Thought leaders from the AI industry shared ideas and predictions on the present and future of artificial intelligence at the DLA Piper European Technology Summit last month. I had the pleasure of moderating the AI panel – “Applying the laws of man or the laws of Asimov – future regulation for AI”. It featured Luisella Giani from Oracle, Alessandro Mantelero from the Council of Europe, Uljan Sharka from iGenius and Ed Thomas from GlobalData.

Here are my personal top five takeaways:

1. The term AI sounds negative and in some ways unrealistic

We are still far from the time of robots chasing us like in the movie I, Robot. And according to Luisella Giani, AI often sounds more like a prediction of a mythical future than a reality. The word “artificial”, then, implies that something is a cheap imitation of the genuine article, designed to deceive others. At the same time, intelligence is a lousy word. How do we determine that something is intelligent? She prefers to use either machine learning or cognitive computing – or just computers.

2. AI will be essential for the survival of any business

Apart from discussions on the scope of artificial intelligence, there was agreement that AI will impact all industries. According to Ed Thomas, GlobalData identified seven AI technologies, including machine learning, data science, conversational platforms, computer vision, AI chips, smart robots, and context-aware computing. AI is already disrupting every industry and, over the next few years, will become essential to the survival of businesses of all types. Those companies who overlook AI risk stagnation or elimination.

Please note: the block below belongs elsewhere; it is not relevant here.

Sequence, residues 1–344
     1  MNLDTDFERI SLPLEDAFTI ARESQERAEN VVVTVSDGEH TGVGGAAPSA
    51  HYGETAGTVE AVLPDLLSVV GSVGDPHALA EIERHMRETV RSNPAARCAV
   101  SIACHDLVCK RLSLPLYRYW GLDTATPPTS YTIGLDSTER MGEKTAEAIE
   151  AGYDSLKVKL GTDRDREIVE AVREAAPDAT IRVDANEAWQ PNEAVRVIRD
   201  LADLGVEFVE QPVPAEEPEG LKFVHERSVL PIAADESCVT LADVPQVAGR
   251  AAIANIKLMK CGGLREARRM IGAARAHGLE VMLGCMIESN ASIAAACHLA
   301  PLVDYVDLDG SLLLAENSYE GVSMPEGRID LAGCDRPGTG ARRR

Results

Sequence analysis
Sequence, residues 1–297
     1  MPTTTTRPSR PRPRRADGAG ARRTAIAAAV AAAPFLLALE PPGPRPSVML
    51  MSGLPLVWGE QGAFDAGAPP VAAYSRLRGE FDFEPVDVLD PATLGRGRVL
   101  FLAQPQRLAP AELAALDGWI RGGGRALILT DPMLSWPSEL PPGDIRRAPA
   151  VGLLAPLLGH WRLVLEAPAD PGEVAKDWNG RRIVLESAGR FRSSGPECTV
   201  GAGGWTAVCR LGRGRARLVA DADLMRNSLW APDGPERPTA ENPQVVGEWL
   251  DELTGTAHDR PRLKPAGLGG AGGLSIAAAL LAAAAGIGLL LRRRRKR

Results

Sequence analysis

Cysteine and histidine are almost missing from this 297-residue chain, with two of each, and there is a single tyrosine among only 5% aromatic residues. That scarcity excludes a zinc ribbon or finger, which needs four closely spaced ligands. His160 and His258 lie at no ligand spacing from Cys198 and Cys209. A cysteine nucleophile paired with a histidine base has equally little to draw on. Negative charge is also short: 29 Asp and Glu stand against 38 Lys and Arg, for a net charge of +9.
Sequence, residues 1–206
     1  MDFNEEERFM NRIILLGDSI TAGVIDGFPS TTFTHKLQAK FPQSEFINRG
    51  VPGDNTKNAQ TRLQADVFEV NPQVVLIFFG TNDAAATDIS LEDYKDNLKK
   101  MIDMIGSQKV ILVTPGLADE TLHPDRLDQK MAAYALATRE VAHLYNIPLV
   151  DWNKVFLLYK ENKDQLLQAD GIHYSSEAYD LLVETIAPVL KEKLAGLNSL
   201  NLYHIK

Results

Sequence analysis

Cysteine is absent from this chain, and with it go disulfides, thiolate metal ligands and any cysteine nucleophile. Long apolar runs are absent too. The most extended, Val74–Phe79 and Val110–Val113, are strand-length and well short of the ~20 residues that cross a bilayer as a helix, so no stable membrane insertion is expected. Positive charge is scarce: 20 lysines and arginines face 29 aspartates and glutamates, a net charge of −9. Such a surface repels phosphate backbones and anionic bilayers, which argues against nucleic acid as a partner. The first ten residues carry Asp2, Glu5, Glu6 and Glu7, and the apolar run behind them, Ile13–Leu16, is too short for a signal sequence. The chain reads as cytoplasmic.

3. Companies need to have a well-defined AI strategy

It is not too early for an AI strategy, and many businesses already use artificial intelligence. Uljan Sharka believes that companies should focus on applied AI and real problems. They should not outsource everything but build basic internal skills and work with partners that do not conflict with their products and services, now and potentially in the future.

4. Regulations will help the growth of artificial intelligence and will not be a disadvantage for EU entities

Alessandro Mantelero is confident that the European regulatory framework on artificial intelligence will not hinder EU companies from growing in the AI market, by representing a competitive disadvantage over their non-EU competitors. A well-established legal and ethical framework will create trust around AI products and services, which will encourage their adoption by users. Moreover, several non-EU regulators are creating legislation that is very similar to the GDPR.

5. We need to “educate” companies and regulators on artificial intelligence

Both companies and regulators need to be educated on artificial intelligence. Companies need to understand the real value of AI for their business, how their model of business is going to change with AI, and how to better exploit it. At the same time, regulators need to look at artificial intelligence as an essential component of the business of companies. The rights of individuals need to be balanced with the needs of business.

I enjoyed the AI panel, it was a great event, and we are already working on the next DLA Piper European Technology Summit!